Ah, childhood. It’s all fun and games–until someone loses a tooth. Here in Olathe, kids find ways to be active indoors and out all year long. Playing sports, skating parks, bounce house parties, climbing trees, jumping off swings, jumping on their sibling, and even playing games in PE at school are all opportunities for your kid to knock a tooth loose or even knock it out completely! So, what should you do when disaster strikes?
First, check for more serious injuries.
Knocking a tooth loose (or out) usually requires a powerful blow to the head, and where head traumas are concerned, the tooth might be the least of your worries. Look out for these symptoms of severe head trauma:
- bleeding from the nose or ears
- memory loss
- misaligned jaws
- severe head or earaches
- nausea or vomiting
- double or blurry vision
If you observe any of these red flags, call 911 or head straight for the emergency room. Severe head traumas tend to get worse before they get better because of brain swelling, so it’s best not to take any chances with them. You’ll also want to make sure that your child didn’t bite himself during the impact. Bites to the tongue, cheeks, or jaw can all require stitches if they’re bad enough. Typically, stitches are recommended if the wound is wide enough that you can’t pinch the edges together or if the bleeding doesn’t stop after you’ve applied pressure for ten minutes.
If you child doesn’t have any of the serious injuries listed above, you can switch your focus to the loose or missing tooth.
If the tooth has been hit hard, knocked loose, or knocked out…
Call your dentist and have your child seen immediately. Time is vital when it comes to a tooth that has been knocked loose or knocked completely out. Dr. Hahn and Dr. Driscoll want to see any patient that has had a blow to the mouth. With quick emergency action, your child’s tooth will have a higher chance to successfully be saved or moved back into place.
If a baby tooth is knocked loose…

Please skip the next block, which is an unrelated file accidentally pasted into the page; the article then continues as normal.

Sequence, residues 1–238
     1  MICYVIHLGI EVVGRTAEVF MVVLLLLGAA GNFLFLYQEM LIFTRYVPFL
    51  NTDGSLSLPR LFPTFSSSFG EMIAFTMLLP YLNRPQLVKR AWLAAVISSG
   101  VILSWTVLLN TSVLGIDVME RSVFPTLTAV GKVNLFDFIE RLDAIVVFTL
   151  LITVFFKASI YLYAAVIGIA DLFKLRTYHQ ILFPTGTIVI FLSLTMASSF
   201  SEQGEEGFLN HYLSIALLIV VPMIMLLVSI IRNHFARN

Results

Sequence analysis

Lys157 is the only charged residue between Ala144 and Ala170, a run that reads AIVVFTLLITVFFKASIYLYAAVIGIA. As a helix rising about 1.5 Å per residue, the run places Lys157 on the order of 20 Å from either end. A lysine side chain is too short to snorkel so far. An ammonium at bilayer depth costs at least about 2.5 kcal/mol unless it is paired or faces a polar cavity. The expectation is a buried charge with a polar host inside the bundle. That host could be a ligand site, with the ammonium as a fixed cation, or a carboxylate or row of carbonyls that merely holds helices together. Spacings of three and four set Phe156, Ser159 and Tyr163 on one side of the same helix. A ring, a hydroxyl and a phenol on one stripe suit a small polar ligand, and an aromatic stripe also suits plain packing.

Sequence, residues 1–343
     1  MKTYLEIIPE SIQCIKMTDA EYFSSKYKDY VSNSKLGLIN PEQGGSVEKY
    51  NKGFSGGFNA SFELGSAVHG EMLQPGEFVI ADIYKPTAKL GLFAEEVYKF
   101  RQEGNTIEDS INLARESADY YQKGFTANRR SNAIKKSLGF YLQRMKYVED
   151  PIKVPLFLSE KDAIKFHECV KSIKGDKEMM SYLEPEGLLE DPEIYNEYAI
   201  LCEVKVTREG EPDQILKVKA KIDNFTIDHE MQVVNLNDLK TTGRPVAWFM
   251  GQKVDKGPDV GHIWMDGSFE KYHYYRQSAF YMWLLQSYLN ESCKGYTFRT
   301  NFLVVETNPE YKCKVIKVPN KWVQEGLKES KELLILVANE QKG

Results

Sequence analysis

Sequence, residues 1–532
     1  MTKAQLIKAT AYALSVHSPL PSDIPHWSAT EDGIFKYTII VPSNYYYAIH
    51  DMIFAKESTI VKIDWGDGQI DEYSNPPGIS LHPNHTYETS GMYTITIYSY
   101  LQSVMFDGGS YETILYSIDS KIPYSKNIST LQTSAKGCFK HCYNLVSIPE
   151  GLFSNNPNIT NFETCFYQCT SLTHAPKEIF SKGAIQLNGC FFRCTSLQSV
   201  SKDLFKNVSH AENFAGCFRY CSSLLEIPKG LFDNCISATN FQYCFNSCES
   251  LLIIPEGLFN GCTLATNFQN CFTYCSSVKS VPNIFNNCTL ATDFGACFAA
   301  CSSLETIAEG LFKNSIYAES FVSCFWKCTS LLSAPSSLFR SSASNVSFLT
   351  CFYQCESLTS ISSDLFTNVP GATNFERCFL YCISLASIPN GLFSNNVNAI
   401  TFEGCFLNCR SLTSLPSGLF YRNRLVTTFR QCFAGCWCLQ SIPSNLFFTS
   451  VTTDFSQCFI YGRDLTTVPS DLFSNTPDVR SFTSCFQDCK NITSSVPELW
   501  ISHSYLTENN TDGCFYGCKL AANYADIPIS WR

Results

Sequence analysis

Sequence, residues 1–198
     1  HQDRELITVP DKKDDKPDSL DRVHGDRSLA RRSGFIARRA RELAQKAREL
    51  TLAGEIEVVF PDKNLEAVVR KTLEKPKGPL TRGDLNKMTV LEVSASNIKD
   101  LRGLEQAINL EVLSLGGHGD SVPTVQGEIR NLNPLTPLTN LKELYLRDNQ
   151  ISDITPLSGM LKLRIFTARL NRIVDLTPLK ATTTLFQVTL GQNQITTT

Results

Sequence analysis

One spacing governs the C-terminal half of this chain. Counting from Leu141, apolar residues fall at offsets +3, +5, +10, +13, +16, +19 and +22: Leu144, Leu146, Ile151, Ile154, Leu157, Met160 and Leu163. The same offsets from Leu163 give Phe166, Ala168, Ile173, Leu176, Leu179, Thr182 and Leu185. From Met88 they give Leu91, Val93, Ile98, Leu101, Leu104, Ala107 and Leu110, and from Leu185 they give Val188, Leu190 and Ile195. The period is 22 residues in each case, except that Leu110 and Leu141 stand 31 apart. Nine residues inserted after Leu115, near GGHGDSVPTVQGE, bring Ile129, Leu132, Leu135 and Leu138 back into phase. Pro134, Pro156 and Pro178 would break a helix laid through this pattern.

Don’t wait – have your child see their dentist. An x-ray will show if there is damage to the tooth’s root and nerves or to the underlying permanent tooth. If the tooth has been knocked crooked, the dentist may also need to realign it to prevent other teeth (especially permanent teeth) from growing in crooked as well. This can easily be done if you get your child to the dentist within the first hour of the accident. After a few hours, the bone will begin to harden again, and realigning the tooth will become more difficult.
If the tooth isn’t crooked and your dentist isn’t concerned by the injury, it’s best to keep your child on a diet of soft foods for a few days to give the tooth time to re-implant itself in the gums. Cold foods are also good for reducing inflammation. (Yes, we’re giving you permission to put your kid on an ice cream diet!)
If a baby tooth is knocked out…
In most cases, losing a baby tooth is no sweat. Call your dentist to see what they suggest. Most baby teeth fall out by the age of twelve anyway! Your child might have a gap-tooth smile for a bit longer than his peers, if the permanent tooth was not ready to grow in when the baby tooth was knocked out. But there should be no permanent damage.
If a permanent tooth is knocked loose…
When your child damages a permanent tooth, the consequences become much more serious. Call your dentist and have your child seen immediately. If the tooth is extremely loose, crooked, or dangling from the socket this is an emergency and they need to be seen ASAP. If the tooth is still straight and only slightly loose, they still need to be seen by their dentist within an hour of the accident. If your dentist prescribes a liquid or soft food diet be sure your child sticks with it. This will help the tooth heal and reattach properly.
If a permanent tooth is knocked out…
Your child needs to be rushed to the dentist. If possible, find the tooth that was knocked out. Avoid damaging the sensitive nerve endings at the root area of the tooth when handling. If the tooth needs to be rinsed, use saliva or milk. Water will not help when preserving the tooth. If your child is old enough not to swallow the tooth, carefully reinsert it into the socket and use a paper compact to hold it there until you can get to the dentist. Otherwise, put the tooth in a cup with either milk or saliva. If you get to the dentist within thirty minutes of the accident, the chances are good that the original tooth can be re-implanted in your child’s mouth. But if you can’t get to the dentist within an hour of the accident, your child will probably have to have a dental implant to replace the original tooth. Dental implants are involved surgical procedures, so you want to avoid them if at all possible.
Children lose teeth all the time, so it is good to be prepared. Sometimes losing a tooth is just a visit from the tooth fairy. Sometimes it is a trip to the emergency room. As a parent, the best thing you can do in the event of a loose or missing tooth is to keep calm, rule out any serious injuries, and call your dentist immediately. Acting promptly, the dentist will have your child smiling again in no time.